I had a 3TB Toshiba internal hard drive. I wanted to be able to use all 3TB in Windows 7. Microsoft informed me that Windows 7 supported both MBR and GPT partitioning schemes, and both BIOS and UEFI system firmware; and, further, that GPT partitioning would permit full access to drives larger than 2GB, but would permit booting from a drive larger than 2GB only if (a) it was a 64-bit version of Windows and (b) the firmware was UEFI rather than BIOS.
That sounded good. But when I did what I thought I was supposed to do, diskmgmt.msc (i.e., Disk Management) said that I had an unallocated GPT volume of only 746.39GB. It seemed my efforts had not led to the desired 3TB volume. I flailed around on Toshiba’s website for a while, made calls, bounced from one number to another, wound up with a Toshiba internal drive tech support number (510-651-6798), called that number repeatedly, and it rang until finally the phone or something shut it off. I concluded that Toshiba was not going to help me, and either I would have to find a solution on my own or get rid of the drives.
What was supposed to happen, in my understanding, was that initializing the drive was supposed to create that glorious 3TB space. Since initializing had failed to do that, I reasoned, I should try to re-initialize. A search led to a suggestion to use a Diskpart command to clean the disk and remove all MBR and GPT information. The way to do this was to look again at Disk Management. It said that the target drive was Disk 3, and that it was Online. If offline, I’d have had to right-click that left gray bar and make it online. Now, using an elevated command prompt shortcut, I ran Diskpart (by just typing Diskpart at the prompt). Within DISKPART, I needed to run a LIST DISK command. For purposes of Disk 3, its output matched that of Disk Management: Online, 746GB, GPT. Next command: select disk 3. It looked like I was all set to work on disk 3. Next, I chose the Clean command; they said that Clean All would take three hours per terabyte, whereas Clean was finished almost instantly. I ran List Disk again. It had removed the GPT indication, but it still saw only 746GB. Disk Management likewise said 746GB, and also said Not Initialized. A right-click > Initialize Disk > GPT did not change the reported size. So the Diskpart approach was a bust.
Someone else said the solution was to use updated Intel Rapid Storage Technology (RST) drivers. But Control Panel > Programs and Features said I was using version 12.8, and that version was only a few months old — far more recent than the post recommending an update. It seemed likely that I already had adequately updated RST drivers. I was going to download and install version 12.9 anyway, but decided this really made no sense: it was a RAID driver, and I was not running RAID, and the download page also offered a warning: “Before installing this application or requesting technical support from Intel, first contact your system manufacturer. They typically provide software which is specifically configured for your system.” But I thought, what the hell. I uninstalled version 12.8 and, after a mandatory reboot, tried to install version 12.9. Thing is, I could not figure out how to install it. Contrary to its read-me file, there was no included .EXE file, and right-clicking on the included INF files did not run them. I reasoned that maybe the RST software itself was the problem, and took another look at Disk Management. Alas, no joy: disk 3 was still a 746GB partition. It occurred to me that perhaps Control Panel > Windows Update would rescue me from whatever mess I had just created, but no, there seemed to be nothing there for me.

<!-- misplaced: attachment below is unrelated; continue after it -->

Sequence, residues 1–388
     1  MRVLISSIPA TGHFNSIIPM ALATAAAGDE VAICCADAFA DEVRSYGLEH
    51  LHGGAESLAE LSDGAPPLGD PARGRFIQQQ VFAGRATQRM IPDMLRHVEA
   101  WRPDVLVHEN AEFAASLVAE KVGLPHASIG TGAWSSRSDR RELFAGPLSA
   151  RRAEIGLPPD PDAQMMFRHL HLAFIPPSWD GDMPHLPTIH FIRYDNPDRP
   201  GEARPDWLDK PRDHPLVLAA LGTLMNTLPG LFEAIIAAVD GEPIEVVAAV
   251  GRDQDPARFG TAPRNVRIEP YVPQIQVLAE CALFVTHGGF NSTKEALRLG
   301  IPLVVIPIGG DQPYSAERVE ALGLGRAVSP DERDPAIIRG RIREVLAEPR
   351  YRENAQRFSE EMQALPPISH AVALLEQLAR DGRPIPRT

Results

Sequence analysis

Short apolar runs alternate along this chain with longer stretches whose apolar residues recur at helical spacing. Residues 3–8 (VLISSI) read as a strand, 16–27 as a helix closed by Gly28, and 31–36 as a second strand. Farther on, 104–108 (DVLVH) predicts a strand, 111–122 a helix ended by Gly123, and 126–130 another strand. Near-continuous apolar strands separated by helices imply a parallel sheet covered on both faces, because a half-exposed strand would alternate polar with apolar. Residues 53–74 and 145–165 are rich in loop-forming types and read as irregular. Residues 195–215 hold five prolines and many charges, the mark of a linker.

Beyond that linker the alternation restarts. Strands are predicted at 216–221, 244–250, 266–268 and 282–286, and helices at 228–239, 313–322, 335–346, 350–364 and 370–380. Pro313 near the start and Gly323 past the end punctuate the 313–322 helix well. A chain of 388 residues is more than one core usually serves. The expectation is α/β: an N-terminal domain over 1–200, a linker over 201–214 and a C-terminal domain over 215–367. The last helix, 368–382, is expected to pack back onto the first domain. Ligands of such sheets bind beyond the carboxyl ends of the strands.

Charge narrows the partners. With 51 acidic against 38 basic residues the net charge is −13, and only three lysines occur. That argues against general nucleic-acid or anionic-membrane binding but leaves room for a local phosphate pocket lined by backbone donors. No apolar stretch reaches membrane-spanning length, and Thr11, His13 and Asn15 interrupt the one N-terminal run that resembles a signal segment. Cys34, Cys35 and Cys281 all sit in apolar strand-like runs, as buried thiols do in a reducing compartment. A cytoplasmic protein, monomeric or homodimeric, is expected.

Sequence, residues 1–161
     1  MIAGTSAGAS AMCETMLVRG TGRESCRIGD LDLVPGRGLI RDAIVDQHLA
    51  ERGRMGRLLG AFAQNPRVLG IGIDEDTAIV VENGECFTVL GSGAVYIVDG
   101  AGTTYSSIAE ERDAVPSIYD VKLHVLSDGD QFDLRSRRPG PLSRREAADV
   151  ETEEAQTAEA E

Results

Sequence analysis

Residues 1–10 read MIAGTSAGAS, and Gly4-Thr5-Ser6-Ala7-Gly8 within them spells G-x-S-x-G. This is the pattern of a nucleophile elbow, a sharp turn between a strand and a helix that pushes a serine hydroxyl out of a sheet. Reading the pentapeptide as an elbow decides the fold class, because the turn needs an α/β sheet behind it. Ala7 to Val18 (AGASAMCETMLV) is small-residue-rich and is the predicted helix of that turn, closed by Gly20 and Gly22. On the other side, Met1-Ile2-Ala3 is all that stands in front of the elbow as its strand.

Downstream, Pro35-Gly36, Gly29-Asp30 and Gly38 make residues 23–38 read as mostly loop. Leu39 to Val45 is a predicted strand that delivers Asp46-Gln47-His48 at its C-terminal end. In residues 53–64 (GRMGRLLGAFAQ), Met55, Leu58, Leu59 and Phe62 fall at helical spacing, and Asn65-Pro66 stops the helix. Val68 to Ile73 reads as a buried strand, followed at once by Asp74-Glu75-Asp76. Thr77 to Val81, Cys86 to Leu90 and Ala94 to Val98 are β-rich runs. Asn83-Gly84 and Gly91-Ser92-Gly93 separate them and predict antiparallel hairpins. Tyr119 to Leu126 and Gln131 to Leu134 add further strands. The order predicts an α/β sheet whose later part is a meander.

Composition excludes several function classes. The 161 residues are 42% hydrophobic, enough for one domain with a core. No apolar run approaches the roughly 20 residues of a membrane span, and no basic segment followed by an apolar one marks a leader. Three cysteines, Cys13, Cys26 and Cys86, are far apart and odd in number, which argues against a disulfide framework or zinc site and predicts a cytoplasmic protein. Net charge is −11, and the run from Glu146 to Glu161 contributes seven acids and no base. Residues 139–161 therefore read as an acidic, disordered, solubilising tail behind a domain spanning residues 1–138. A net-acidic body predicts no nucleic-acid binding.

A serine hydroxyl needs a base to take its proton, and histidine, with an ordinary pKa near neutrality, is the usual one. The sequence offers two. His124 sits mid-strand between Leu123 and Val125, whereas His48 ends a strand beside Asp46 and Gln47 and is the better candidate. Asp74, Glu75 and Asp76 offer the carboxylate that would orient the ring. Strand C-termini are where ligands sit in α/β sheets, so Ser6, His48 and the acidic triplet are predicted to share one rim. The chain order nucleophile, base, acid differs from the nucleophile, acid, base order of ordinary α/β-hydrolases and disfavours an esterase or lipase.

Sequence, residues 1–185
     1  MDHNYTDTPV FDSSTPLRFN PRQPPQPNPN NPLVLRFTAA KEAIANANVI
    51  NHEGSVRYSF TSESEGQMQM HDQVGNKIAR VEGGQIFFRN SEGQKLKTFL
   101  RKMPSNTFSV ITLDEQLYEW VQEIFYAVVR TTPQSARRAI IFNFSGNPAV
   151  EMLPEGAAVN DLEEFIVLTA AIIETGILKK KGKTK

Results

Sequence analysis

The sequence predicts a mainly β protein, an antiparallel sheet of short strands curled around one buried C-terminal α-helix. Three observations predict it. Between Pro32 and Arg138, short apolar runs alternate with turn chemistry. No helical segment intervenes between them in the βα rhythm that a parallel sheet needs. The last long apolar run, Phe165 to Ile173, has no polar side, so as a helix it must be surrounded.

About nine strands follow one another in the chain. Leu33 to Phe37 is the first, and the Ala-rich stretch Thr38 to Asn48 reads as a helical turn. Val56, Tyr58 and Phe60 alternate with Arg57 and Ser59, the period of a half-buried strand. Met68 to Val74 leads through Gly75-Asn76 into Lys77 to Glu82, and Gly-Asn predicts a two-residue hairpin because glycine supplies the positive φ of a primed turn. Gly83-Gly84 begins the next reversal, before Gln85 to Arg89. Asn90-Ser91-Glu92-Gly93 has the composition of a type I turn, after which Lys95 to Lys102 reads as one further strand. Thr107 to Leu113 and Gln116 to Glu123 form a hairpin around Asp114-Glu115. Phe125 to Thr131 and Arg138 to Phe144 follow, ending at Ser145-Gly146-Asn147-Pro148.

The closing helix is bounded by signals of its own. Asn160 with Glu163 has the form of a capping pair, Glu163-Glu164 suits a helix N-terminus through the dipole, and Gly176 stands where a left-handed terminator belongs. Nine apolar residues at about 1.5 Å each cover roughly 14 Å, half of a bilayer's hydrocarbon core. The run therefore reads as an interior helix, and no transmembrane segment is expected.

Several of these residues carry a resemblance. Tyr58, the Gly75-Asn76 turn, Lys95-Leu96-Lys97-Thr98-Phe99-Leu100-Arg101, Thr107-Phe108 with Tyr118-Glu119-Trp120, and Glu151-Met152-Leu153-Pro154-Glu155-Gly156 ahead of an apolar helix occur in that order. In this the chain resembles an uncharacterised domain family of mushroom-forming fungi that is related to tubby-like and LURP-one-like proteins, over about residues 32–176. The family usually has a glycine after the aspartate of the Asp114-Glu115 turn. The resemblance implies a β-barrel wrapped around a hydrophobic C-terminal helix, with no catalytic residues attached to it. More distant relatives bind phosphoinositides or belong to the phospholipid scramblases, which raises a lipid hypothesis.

There was also the possibility that a BIOS update would fix everything, but I didn’t think that was likely. Someone pointed out that I could boot the computer using a bootable USB drive and take a look at the drive using Linux. That was true, but I decided to postpone that when a different thread raised another possibility. I was attempting to work with this 3TB drive by putting it into an external enclosure, connected to the computer via USB cable. I had already seen a few puzzling comments in which people thought there might be a difference when they put the drive inside a desktop computer; this thread presented the notion that not many external enclosures were able to work with drives larger than 2TB. Well, that was the answer, simple enough: specifications for my Rosewill RX-DU100 external drive bay put its limit at 2TB. I bought a SYBA CL-ENC50038 USB 3.0 bay and tried that. Sure enough, Disk Management now reported 2794.39GB. Wow, lots of lost overhead out of the alleged 3GB, but still better than nothing. Disk Management offered to convert it to an MBR drive, when I right-clicked on the gray area on the left side, but again GPT was what I wanted. I right-clicked on the crosshatched space at the right side of Disk Management and created a new simple volume with the full 2794GB. Done!